Saturday, October 19, 2013

The Will to Climb, by Richard Harris

Richard Harris writes about his climbs with his son, Christopher, including their quest for the Seven Summits and their attempt on Everest, in The Will to Climb. Christopher starts his climbing life early, becoming the youngest climber to scale Mount Cook, at 13, in 2002. Father and son climb together, working on higher and more technical mountains with an eye towards Everest. Sponsorship gets them to Kilimanjaro, Elbrus, and Aconcagua, before landing a last-minute gift that covers enough to get them, and a film crew, to Everest in 2006. Harris writes about his Everest experience in a diary-style, with daily entries and a blow-by-blow of events. Much of the narrative focuses on the author's experiences, though it's clear he has high regard for his son. Fate is not so kind to father and son on Everest, but their high-altitude cameraman, Lincoln Hall (originally famous for his 1984 Everest climb chronicled in White Limbo), gets the chance of a lifetime to climb to the summit with a cadre of their team's Sherpas. Ultimately, their team is but one of many dramas that Abramov's Seven Summits Club expedition faces, with deaths of climbers and near misses by others.

Hall, of course, has a great climb to the summit, but faces cerebral edema, madness, and seeming death on the trip back to high camp. (See his Dead Lucky for a first-person perspective.) Harris' team had the foresight to tape the radio traffic after things started getting out of hand, and he provides transcripts of the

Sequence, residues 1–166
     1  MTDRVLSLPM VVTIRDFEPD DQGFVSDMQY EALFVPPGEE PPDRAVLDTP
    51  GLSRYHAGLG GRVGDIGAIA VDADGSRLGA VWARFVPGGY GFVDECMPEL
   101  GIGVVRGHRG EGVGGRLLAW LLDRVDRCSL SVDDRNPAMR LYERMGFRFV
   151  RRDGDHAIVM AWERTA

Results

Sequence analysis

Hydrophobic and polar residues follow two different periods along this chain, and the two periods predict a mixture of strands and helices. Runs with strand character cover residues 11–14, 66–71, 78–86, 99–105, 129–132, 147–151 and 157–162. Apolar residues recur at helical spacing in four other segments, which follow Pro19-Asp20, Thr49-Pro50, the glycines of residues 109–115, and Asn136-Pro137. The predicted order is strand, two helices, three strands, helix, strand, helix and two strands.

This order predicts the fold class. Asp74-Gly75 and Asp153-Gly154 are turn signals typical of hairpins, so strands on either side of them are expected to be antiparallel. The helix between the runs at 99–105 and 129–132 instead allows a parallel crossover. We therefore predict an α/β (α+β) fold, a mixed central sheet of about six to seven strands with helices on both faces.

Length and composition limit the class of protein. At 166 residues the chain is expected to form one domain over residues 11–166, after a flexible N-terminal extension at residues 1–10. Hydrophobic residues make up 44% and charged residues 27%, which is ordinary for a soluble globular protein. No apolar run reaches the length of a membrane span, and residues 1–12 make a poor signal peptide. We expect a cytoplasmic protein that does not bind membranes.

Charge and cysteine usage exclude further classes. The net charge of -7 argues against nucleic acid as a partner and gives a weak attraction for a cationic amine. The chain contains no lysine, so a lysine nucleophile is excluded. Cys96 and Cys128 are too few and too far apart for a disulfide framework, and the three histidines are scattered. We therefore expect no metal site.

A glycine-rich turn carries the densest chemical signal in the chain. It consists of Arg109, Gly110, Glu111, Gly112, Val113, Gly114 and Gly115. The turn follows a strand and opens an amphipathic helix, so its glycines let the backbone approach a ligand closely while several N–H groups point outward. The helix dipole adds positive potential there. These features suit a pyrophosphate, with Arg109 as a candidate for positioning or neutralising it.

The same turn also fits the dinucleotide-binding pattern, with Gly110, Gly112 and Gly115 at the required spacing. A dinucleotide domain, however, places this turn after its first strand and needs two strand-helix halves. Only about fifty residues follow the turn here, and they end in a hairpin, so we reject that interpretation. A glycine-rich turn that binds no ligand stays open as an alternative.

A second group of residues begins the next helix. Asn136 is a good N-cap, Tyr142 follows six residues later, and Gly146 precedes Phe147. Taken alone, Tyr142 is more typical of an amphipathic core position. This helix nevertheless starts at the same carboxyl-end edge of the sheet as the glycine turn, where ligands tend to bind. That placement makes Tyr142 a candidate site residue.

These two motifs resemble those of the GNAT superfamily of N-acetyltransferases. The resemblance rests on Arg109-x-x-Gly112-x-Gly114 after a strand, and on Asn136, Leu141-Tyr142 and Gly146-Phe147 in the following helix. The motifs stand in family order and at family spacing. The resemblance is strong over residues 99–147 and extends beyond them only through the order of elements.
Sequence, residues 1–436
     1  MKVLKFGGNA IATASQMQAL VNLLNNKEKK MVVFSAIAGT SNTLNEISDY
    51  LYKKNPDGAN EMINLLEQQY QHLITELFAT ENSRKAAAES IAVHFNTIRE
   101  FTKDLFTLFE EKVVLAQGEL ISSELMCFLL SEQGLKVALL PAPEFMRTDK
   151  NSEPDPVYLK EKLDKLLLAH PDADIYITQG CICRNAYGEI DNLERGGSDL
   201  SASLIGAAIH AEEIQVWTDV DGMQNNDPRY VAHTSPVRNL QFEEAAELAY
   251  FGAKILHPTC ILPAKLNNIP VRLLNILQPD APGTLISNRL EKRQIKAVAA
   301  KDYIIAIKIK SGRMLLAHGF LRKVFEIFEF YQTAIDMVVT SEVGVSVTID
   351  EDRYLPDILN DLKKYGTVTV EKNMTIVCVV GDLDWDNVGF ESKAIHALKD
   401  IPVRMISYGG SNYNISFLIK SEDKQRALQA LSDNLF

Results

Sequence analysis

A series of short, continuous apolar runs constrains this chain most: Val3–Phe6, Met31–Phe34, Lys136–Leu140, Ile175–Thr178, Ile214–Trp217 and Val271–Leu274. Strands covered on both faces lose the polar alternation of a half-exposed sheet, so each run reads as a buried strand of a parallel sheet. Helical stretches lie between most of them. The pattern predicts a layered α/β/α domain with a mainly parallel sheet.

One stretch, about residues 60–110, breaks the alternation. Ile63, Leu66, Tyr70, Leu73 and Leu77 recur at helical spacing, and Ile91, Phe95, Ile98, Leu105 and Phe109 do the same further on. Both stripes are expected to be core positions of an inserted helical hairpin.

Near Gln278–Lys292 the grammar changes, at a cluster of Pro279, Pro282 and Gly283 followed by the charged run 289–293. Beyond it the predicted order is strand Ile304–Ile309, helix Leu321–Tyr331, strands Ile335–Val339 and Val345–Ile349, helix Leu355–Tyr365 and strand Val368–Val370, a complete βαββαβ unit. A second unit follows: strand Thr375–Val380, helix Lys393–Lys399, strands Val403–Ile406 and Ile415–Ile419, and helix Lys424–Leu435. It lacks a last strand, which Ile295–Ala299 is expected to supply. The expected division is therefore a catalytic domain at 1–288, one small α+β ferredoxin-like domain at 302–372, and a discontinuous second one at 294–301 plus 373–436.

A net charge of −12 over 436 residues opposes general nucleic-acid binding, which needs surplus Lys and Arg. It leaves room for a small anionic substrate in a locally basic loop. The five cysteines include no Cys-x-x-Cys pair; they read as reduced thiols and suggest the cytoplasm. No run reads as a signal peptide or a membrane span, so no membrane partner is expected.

English-language radio messages between the summit, Advanced Base Camp, and Base Camp. The story takes an odd twist as they discover that Hall is actually still alive the next day, but they are already on their way home, as they had planned on his safe return and being back to travel with them. Also, they had already informed Hall's family of his death, and had to contact them once again.

I was hoping to discover the further adventures of Christopher Harris online after reading this book, but alas, I'm out of luck. The youngest yet did manage to scale the Seven Summits in 2006---20-year-old Danielle Fisher. Jordan Romero would later, in 2010, climb Everest at 13 and finish his Seven Summits at 15, when all the red tape was cleared to get him to Vinson, in Antarctica. (See Katherine Blanc's The Boy Who Conquered Everest.)

No comments:

Post a Comment